As I hope is clear by now, I do not think that this relationship can be managed in the sense that the United States and China can avoid an intense security competition. The key issue is that they cannot persuade each other that they have benign intentions today and will continue to have benign intentions tomorrow. This situation is genuinely tragic. It could well be that both the United States and China actually have benign intentions, but they cannot make each other confident of this fact and they certainly cannot make each other confident that they will continue to have benign intentions well into the future. Like all great powers, their statements and actions will provide ambiguous information about their intentions; they will know that the other has incentives to conceal or misrepresent its true intentions; and they will be aware that there are many reasons that the other side’s intentions can change.

Some scholars believe that the U.S. presence in Europe helps keep the European states from engaging in security competition with each other. A similar argument applies in Asia where the U.S. presence prevents competitions among China, Japan, and Russia. Does this mean that unipolarity is more stable than a bipolar structure?

Just to be clear, your question seems to equate stability with a lack of security competition.

If so, there is little question that unipolarity has been a cause of stability. The U.S. presence in Europe and Asia has surely served to tamp down security competition in those regions since the end of the Cold War.

That said, there is still plenty of security competition in unipolarity. Consider that the United States is currently engaged in security competitions with both Russia and China. India and Pakistan are engaged in their own security competition. So, too, are several states in the Middle East.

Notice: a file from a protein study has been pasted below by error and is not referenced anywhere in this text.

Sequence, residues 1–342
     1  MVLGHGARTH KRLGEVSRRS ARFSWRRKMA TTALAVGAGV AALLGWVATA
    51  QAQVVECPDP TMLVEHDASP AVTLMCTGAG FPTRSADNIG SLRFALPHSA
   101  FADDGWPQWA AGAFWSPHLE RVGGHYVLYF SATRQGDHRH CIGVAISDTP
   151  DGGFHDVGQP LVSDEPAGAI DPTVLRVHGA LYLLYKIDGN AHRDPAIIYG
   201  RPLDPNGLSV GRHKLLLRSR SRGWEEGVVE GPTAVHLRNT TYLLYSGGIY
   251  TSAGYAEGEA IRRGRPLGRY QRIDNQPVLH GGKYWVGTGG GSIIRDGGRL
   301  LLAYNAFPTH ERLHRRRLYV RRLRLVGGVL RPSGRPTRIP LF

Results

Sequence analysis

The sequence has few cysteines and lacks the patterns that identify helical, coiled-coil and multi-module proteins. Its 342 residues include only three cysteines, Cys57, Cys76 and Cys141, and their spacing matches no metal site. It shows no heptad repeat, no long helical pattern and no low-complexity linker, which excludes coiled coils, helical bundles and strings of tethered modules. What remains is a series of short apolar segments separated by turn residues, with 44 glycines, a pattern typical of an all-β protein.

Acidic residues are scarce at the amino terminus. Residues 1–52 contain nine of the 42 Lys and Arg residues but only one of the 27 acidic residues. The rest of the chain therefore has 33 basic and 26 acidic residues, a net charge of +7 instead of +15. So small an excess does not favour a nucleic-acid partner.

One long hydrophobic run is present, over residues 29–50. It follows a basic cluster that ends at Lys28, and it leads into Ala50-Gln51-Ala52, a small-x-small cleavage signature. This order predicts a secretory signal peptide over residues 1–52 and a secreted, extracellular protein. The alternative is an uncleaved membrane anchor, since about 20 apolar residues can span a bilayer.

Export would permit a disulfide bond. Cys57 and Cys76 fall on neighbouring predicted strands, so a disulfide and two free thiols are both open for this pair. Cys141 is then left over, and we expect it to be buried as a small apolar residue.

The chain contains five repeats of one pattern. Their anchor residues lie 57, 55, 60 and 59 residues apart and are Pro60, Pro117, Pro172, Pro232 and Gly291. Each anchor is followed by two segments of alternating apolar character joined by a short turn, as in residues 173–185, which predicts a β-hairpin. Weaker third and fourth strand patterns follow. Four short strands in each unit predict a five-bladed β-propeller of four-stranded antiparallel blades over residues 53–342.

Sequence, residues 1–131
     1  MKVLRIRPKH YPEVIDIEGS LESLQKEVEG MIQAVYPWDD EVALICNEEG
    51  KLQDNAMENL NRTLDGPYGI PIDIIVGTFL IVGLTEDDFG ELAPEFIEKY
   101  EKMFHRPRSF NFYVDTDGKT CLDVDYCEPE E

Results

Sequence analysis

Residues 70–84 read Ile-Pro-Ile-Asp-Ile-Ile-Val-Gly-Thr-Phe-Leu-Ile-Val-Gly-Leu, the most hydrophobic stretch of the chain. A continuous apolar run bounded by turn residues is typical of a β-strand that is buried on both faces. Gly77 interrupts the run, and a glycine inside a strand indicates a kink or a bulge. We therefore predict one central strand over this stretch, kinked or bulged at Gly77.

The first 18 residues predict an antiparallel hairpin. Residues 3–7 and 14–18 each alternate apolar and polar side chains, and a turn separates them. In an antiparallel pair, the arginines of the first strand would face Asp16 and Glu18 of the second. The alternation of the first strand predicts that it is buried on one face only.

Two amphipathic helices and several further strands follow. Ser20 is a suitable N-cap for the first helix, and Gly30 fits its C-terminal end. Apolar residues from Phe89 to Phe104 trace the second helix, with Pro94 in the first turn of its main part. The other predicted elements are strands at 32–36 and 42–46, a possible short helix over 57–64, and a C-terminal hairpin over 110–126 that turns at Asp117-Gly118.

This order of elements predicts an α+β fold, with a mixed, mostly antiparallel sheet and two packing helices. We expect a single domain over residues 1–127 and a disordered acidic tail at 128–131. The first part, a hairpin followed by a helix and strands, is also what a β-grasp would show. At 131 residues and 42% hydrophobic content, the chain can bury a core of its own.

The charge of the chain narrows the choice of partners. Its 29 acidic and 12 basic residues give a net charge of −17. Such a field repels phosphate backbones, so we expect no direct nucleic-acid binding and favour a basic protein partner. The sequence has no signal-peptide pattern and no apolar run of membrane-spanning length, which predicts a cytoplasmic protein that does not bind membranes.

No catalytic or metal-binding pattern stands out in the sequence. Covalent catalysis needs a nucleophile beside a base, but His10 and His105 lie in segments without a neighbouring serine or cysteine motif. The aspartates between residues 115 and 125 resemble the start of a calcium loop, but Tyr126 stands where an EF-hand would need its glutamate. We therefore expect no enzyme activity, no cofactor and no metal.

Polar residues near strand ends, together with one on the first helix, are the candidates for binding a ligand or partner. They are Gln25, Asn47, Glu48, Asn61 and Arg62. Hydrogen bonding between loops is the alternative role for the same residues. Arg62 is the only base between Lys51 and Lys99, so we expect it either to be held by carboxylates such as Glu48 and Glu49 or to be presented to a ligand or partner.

When we look at the volatile Middle East (Syria, ISIS, etc), the animosity between the U.S. and Russia, and China’s difficult relations with its neighbors, how would you explain these phenomena from a realist point of view?

I think it is important to be clear about what realism can and cannot do. Most important, realism is designed to explain relations among major powers. In essence, it says that those states will compete for power. So it does a good job of explaining the strained nature of U.S.-Russia relations and the U.S. pivot to Asia to balance against China. It is no accident that my research has focused on the European Community, which was formed at the height of the superpower rivalry, and U.S.-China relations today. At the same time, realism is not designed to explain other issues in international relations. So it has little to say about Syria and ISIS. To understand those issue, we need midrange theories of politics, not grand theories like realism.